AN OVERVIEW A religious believer in any culture may sometimes look beyond the local temple, church, or shrine, feel the call of some distant holy place renowned for miracles and the revivification of faith, and resolve to journey there. Once, in a place apart, there appeared a very holy person; miracles occurred at that place and drew multitudes of pilgrims. Later, a shrine was built by devotees.
No chapter, however, is limited to what is happening at Tinker Creek in a given month. Rather, the chapters are thematic, as indicated by their titles. There is a larger theme of spirituality, as the book explores the two routes to God in the tradition of neoplatonic Christianity.
The book starts with what is perhaps its best-known scene: She showers away the scarlet marks, musing on what it means to wake to beauty and violence from unknown adventures. The scene sets the tone for the rest of the book, which treads a tightrope between opposites.
Dillard says that a partial inspiration for the book comes from writer Henry David Thoreau, who, in composing Walden: Or, Life in the Woodswanted to find a way to keep a journal of mind; Dillard, like Thoreau, is certainly a Transcendentalist.
Dillard maintains this whirlwind style throughout the book. She is a storyteller, and she realizes the story of the land is more than just the recollections of daily walks through the land—it includes all the writing and research that has come before, from folklore to religion to small-town news.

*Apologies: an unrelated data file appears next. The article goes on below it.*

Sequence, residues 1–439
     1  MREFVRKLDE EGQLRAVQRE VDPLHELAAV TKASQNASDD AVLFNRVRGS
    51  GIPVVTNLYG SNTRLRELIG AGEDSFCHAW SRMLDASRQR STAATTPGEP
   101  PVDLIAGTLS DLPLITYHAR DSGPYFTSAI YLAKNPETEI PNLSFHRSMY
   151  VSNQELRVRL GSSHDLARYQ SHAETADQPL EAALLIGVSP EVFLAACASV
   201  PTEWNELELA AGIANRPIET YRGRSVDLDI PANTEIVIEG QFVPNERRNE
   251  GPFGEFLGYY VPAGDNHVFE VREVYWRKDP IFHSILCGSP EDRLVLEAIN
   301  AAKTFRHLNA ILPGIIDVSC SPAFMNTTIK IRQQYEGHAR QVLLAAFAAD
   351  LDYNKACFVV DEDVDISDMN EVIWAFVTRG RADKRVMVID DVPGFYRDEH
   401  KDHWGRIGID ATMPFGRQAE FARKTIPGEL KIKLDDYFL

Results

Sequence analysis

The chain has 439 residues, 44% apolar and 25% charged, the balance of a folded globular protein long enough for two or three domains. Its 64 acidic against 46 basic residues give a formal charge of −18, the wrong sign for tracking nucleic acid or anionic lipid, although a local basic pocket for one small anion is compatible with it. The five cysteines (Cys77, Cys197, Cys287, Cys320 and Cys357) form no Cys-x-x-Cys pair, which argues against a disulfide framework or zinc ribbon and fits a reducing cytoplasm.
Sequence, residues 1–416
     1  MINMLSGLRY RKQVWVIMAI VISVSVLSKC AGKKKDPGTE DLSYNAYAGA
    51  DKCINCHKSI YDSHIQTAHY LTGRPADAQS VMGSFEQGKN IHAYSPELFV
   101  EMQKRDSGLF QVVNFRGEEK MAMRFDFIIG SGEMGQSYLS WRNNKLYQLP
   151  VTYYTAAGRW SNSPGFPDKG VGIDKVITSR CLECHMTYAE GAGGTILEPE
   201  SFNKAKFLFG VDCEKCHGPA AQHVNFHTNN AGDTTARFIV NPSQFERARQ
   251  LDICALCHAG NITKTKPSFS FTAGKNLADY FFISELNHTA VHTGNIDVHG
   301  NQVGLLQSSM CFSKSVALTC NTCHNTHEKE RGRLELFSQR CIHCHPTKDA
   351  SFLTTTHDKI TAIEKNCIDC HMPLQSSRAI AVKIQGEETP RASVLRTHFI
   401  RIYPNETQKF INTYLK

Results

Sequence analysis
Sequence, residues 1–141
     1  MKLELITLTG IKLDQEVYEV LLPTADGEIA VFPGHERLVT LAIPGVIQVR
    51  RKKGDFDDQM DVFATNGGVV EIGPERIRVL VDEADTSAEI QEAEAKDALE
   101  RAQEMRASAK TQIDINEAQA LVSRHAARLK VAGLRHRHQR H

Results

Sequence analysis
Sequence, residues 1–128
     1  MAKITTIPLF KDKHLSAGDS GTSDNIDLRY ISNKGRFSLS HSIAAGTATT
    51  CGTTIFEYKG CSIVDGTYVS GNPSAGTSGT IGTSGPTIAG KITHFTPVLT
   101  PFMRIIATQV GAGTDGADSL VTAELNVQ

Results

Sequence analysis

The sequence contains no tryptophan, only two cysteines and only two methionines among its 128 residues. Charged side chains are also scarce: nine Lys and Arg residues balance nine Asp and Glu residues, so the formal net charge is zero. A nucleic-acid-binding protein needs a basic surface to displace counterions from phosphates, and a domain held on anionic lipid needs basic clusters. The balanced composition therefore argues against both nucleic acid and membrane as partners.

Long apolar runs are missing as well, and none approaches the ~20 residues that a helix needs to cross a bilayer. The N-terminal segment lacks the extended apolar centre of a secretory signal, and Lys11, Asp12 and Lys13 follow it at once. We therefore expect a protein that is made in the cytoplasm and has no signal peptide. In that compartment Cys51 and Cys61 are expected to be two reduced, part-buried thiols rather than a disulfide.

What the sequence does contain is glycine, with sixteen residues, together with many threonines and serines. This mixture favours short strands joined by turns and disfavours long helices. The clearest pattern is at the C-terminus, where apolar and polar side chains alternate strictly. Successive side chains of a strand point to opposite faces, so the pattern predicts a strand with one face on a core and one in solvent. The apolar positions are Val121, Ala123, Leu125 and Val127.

She often refers to what she is reading or has read or wants to read, leading to chapters that form encyclopedias of the sublime.
Her prose moves effortlessly and with exuberance, as if she is encountering all these ideas the same way she encounters critters and plants on her walks along the creek. By the middle of the book, Dillard starts to link new observations to metaphors and philosophies from the beginning of the book.
She has already established that the creek represents mystery. An earlier chapter examines sight, while a later chapter muses on shadows. The river, the mystery, and the shadow merge in one moment, leading to clarity, and Dillard is spiritually charged by the sudden understanding.
Should humans concern themselves with the question of who created the planet? Should humans be concerned with why the planet was created? Her mood takes a darker turn as she quips about how amazing it is that there can exist in nature anything beautiful at all.
The delights of mystery and understanding cannot last uninterrupted. Readers notice an immediate tonal shift as Dillard watches the swollen river and remembers the catastrophic flooding from tropical storm Agnes in She describes horrific things caught in the flood water, like dead horses.
From any flood comes fecundity, the title of chapter Staying with her cynical view of nature, Dillard creates a litany of instances where growth is astonishing and scary and seemingly illogical. She touches on her usual odd cases—the tenacity of cockroaches, the horrors of parasitic wasps, the peculiar barnacle.